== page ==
Acorns contain an impressive variety of minerals including many which are great for the bones like calcium, potassium and phosphorus. Calcium is especially important for healthy bones by improving mineral density. There is a well known link between calcium deficiency and bone weakening diseases like osteoporosis.
4. For Blood Sugar Control
Being so rich in fiber and complex carbohydrates, acorns can also help regulate blood sugar levels and prevent dangerous glucose spikes or plunges. This makes them a healthy option for people with diabetes or those simply wishing to maintain their blood glucose levels.
5. For Energy
Acorns contain a number of quite complex carbohydrates which can help provide more energy that lasts longer. Drinking acorn coffee or substituting acorn flour for your regular flour will provide you with more nutrition than the empty carbs and sugars that you might otherwise be consuming.
Instead of the short energy boost you usually get from sugars and carbohydrates nuts like acorns can provide you with a real energy lift
6. For the Metabolism
Acorns are a very rich source of the family of B vitamins and one of their most important roles is improving metabolic function. The B vitamins in acorns include thiamine, niacin, riboflavin and cobalamin which all contribute to numerous bodily functions and enzyme processes.
7. For The Skin
After a bit of basic preparation, you can use your acorns topically on the skin. They are beneficial for your skin in a variety of ways including their tannins which have astringent properties helping to keep the skin more supple and elastic.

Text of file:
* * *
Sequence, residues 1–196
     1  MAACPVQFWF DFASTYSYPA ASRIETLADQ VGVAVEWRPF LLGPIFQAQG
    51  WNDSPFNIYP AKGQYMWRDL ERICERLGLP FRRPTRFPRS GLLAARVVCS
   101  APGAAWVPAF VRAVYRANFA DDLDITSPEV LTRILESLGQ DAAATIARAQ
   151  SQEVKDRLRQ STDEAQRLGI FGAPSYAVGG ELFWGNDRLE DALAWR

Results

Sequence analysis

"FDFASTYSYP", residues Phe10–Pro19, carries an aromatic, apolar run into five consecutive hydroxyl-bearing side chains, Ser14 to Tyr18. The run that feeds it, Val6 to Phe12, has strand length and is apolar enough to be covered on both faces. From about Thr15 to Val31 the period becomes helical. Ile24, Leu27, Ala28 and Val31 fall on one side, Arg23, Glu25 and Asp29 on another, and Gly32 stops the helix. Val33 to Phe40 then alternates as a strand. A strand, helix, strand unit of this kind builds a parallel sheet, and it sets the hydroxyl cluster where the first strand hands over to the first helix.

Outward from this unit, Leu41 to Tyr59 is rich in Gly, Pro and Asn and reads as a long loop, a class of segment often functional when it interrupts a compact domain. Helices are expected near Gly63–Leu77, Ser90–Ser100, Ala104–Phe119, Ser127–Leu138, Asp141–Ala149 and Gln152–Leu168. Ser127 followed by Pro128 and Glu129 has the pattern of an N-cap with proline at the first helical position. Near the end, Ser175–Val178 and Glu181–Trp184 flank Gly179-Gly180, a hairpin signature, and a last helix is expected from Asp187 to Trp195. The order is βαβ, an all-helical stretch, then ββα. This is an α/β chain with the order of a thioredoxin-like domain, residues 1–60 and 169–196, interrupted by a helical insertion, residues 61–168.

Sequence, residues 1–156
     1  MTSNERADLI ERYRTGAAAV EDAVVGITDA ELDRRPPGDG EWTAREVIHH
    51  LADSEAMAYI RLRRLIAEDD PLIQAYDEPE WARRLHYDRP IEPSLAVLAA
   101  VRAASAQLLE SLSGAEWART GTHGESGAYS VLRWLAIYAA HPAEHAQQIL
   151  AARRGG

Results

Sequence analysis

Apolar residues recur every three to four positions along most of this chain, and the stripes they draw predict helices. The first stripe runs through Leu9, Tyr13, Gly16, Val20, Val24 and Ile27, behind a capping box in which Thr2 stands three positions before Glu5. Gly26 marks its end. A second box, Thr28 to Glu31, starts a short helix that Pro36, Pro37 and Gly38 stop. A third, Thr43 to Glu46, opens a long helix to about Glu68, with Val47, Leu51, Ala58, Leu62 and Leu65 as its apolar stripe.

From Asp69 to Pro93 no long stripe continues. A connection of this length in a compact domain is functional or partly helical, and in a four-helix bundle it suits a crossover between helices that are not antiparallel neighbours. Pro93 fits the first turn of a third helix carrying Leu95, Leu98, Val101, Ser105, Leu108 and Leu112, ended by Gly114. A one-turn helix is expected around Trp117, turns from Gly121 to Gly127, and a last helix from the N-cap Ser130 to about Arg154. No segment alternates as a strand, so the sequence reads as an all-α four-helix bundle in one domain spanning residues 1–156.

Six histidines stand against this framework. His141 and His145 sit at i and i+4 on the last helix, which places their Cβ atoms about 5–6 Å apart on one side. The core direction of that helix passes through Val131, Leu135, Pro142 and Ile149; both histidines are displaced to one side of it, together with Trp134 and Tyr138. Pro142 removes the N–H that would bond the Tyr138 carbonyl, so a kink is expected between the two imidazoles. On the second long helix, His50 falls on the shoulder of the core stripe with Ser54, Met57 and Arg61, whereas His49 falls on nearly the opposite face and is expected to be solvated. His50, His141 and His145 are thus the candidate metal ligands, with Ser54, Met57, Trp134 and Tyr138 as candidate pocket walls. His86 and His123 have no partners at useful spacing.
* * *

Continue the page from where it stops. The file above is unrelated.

To extract the tannins from your acorns, boil or soak a handful or so in water then apply the tannin-rich water to your skin. This can help soothe rashes, burns and irritations, speed up the healing of minor wounds and reduce inflammation. It is also possible to apply the acorn water to your muscles to relieve aches or pain.
How to make Acorn Coffee
So now that you know about their benefits, how should you go about using them? Probably the most popular way of using acorns is to make them into a nutritious coffee. The recipe is simple, costs nothing and can give you plenty of healthy benefits especially if you drink it as an alternative to your regular morning cup.
You will need a few handfuls of acorns to make several servings.
- Gather the acorns and boil them (including the shell) for around 20 minutes.
- Allow them to cool, then remove the outer shell.
- Peel off the outer skin.
- Split the acorns somehow. A large kitchen knife should do the job.
- Allow the split acorns to dry in a warm, dry area for 24 hours or so.
- Grind up your split acorns as finely as you can in a coffee grinder or blender.
- Put the ground acorns on a baking sheet.
- Place the sheet under the grill or roast in the oven until they are a dark brown color but make sure they do not burn.
- Add two or three tablespoons of your ground acorns to a cup and cover with boiling water just like you would make a regular coffee. Add milk or sugar to taste.
Boiling the acorns to make coffee can reduce the bitterness but it also reduces the level of tannic acid which can be toxic when acorns are eaten raw. Fortunately, the extreme bitterness from raw acorns would prevent most people from consuming dangerous toxic amounts.
Eating large amounts of raw acorns can result on extreme thirst, abdominal pains, constipation and frequent urination.
Are you a keen forager and have you ever made acorn coffee or flour? Let us know if you tried out our coffee recipe. Did you enjoy it and would you recommend it to others?